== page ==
There’s a small(er) town near here with water that, um…smells. Water isn’t really supposed to taste, much less smell, at least in my thinking. I would go on record by warning anyone who visits this place to definitely not buy a fountain drink in town. I am told that our town used to have water-plus also. Sometime in the semi-recent past, the town fathers decided to go with something called “third-stage water treatment”. I don’t know what that means, and although I still like to have bottled water in the house when we have guests, I’m definitely okay with drinking our H2O for myself, especially after visiting our little neighbor a few miles away. Water of course, even the odiferous kind, is life-sustaining. Perspective, I guess.
Water is an apt comparison that Isaiah uses when he speaks of “pouring out that with which you sustain your own life”, as mentioned in last the couple of blogs. We have important talents and experiences and qualities that help make us who we are, and we need to unafraid to share those when the opportunities arise. But here’s an additional thought:
Lest I think Isaiah’s encouragement is giving me carte blanche for making my big splash in the world, a cautionary note is in order. It can be quite tempting, after identifying what seems to be a special talent or personal “pearl”, to allow (or even worse, promote) myself as the focus in the situation. I love the account of Peter and John after Jesus had risen, hung out for a few days and then returned home. These two newly renewed men were walking into the temple when they saw a beggar, lame and sitting by the building asking for money. Now lots of us grew up with the Sunday school song that was Peter’s reply, “silver and gold have I none, but such as I have, give I thee: in the name of Jesus Christ of Nazareth, rise up and walk!” And the end result was pretty cool.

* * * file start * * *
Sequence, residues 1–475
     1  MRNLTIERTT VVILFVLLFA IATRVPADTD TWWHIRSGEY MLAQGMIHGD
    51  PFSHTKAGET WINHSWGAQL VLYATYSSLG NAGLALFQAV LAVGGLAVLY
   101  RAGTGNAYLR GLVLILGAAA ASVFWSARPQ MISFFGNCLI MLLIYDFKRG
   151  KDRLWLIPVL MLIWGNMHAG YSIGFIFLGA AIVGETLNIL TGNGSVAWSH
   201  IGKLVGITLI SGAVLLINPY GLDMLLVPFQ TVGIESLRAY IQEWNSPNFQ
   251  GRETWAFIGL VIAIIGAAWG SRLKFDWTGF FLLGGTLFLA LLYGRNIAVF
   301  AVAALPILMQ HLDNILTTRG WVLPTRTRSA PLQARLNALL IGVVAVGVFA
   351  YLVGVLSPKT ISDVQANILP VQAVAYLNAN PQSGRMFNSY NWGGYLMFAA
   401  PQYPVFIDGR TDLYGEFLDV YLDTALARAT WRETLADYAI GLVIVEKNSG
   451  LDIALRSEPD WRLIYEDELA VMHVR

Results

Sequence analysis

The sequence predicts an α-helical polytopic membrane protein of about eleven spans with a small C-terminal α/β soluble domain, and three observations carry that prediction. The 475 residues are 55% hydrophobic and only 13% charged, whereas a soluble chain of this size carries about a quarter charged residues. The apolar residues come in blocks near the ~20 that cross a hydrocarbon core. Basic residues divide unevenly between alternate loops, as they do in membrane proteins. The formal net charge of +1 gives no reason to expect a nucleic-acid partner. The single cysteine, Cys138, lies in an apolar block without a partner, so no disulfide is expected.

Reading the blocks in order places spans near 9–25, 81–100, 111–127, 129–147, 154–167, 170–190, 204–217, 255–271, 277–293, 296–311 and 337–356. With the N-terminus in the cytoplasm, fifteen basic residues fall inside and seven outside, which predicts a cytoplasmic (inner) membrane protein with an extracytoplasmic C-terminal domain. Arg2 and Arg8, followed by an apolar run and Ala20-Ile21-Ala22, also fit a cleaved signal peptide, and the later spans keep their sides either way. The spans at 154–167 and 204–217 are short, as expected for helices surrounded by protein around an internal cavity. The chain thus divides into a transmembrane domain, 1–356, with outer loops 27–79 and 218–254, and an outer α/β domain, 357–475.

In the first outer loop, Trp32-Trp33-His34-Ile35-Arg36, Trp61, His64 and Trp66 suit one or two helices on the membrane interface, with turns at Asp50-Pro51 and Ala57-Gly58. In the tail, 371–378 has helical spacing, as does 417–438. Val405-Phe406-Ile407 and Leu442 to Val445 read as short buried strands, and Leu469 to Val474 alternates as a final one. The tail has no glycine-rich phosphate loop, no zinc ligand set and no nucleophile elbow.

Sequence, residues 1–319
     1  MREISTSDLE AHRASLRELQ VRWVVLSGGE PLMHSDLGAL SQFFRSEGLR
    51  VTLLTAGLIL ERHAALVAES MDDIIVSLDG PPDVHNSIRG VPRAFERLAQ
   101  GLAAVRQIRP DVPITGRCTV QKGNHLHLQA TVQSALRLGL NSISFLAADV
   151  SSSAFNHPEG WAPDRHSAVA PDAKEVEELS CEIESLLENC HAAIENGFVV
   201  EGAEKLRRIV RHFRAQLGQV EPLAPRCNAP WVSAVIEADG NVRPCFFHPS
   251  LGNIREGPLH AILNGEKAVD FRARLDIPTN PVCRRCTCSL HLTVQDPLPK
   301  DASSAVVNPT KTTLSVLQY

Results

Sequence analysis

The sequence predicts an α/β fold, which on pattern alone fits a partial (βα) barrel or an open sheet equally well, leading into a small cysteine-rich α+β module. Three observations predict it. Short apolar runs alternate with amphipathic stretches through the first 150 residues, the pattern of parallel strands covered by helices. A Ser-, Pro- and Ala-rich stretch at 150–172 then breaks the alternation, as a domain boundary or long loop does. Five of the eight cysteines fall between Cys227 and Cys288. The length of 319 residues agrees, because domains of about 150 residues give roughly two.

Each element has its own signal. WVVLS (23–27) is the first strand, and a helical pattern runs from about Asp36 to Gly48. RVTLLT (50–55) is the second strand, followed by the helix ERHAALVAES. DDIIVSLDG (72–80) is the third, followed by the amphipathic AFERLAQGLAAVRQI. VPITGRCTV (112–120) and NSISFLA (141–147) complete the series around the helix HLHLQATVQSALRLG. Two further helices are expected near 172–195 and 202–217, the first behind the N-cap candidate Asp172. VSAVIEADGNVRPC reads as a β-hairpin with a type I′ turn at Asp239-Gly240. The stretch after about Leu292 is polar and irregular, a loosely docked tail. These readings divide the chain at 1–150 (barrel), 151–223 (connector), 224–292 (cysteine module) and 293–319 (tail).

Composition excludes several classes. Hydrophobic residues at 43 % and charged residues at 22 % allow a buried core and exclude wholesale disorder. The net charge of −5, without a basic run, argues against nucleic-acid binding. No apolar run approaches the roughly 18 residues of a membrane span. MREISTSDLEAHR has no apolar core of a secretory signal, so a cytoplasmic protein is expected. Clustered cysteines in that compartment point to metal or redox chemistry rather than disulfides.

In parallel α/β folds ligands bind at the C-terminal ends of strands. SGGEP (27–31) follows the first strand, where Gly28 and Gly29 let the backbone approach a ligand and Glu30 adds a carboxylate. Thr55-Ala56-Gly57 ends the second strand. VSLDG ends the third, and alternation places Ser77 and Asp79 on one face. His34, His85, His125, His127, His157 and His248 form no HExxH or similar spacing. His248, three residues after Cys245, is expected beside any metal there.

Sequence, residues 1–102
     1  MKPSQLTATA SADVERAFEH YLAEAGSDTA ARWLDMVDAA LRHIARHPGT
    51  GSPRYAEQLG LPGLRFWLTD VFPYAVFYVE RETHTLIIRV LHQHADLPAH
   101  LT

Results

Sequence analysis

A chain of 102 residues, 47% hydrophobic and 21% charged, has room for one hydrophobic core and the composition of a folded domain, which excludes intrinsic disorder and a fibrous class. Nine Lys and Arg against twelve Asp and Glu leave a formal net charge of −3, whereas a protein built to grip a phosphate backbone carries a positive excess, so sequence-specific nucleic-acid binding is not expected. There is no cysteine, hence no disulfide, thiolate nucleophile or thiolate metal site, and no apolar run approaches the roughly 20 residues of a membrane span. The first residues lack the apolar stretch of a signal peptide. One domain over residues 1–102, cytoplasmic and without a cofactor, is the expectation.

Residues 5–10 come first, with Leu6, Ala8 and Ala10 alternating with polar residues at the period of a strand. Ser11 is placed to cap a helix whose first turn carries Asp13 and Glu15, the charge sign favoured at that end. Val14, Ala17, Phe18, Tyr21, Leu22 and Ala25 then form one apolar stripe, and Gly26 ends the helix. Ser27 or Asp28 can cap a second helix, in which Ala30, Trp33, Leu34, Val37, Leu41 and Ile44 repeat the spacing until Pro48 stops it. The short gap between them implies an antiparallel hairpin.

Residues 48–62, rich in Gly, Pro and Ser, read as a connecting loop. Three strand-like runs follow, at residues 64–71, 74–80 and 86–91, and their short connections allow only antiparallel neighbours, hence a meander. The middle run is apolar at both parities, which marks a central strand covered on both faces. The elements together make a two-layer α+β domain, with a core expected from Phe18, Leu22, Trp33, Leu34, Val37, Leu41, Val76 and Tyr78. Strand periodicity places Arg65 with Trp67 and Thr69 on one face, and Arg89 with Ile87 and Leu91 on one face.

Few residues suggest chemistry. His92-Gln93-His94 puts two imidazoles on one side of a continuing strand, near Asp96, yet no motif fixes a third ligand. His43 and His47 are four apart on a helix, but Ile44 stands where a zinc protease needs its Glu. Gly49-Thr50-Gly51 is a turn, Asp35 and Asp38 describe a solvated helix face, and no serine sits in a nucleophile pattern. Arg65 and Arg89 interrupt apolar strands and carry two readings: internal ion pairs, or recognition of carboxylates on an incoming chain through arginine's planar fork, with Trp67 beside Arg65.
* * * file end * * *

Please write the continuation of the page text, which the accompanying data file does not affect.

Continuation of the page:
But what a lot of us old time Sunday-schoolers might have missed, is actually the first thing Peter said to the beggar. He said,
“Look at us!”
After which, he proceeded with the other words (although I doubt that he sang them….) My point is this—the reason for any attention being on me is not about me, at all. I may have the best tasting, thirst quenching water ever created, but the water itself belongs to the One who created it; in fact, to put it succinctly, Jesus calls Himself the “living water.” Now, I am to allow myself to be “seen”, which speaks to a certain level of vulnerability of course, but this personal visibility is to be immediately reflected upon God, who alone knows how to utilize the gifts He so wisely puts within us.
So, yeah, bottoms up!